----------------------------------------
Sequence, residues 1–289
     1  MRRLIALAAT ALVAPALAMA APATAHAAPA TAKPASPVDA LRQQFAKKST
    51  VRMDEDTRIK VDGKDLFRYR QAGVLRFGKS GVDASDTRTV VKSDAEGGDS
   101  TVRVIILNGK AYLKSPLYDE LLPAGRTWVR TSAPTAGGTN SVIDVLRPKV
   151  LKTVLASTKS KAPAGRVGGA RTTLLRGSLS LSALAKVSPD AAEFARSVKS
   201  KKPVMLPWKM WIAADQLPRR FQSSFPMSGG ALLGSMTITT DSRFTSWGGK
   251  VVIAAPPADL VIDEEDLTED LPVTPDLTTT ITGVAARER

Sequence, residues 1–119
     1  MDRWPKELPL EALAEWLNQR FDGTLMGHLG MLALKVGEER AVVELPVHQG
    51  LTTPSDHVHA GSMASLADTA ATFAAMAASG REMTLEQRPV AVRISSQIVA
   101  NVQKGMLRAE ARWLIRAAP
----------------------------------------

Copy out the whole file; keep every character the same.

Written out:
Sequence, residues 1–289
     1  MRRLIALAAT ALVAPALAMA APATAHAAPA TAKPASPVDA LRQQFAKKST
    51  VRMDEDTRIK VDGKDLFRYR QAGVLRFGKS GVDASDTRTV VKSDAEGGDS
   101  TVRVIILNGK AYLKSPLYDE LLPAGRTWVR TSAPTAGGTN SVIDVLRPKV
   151  LKTVLASTKS KAPAGRVGGA RTTLLRGSLS LSALAKVSPD AAEFARSVKS
   201  KKPVMLPWKM WIAADQLPRR FQSSFPMSGG ALLGSMTITT DSRFTSWGGK
   251  VVIAAPPADL VIDEEDLTED LPVTPDLTTT ITGVAARER

Sequence, residues 1–119
     1  MDRWPKELPL EALAEWLNQR FDGTLMGHLG MLALKVGEER AVVELPVHQG
    51  LTTPSDHVHA GSMASLADTA ATFAAMAASG REMTLEQRPV AVRISSQIVA
   101  NVQKGMLRAE ARWLIRAAP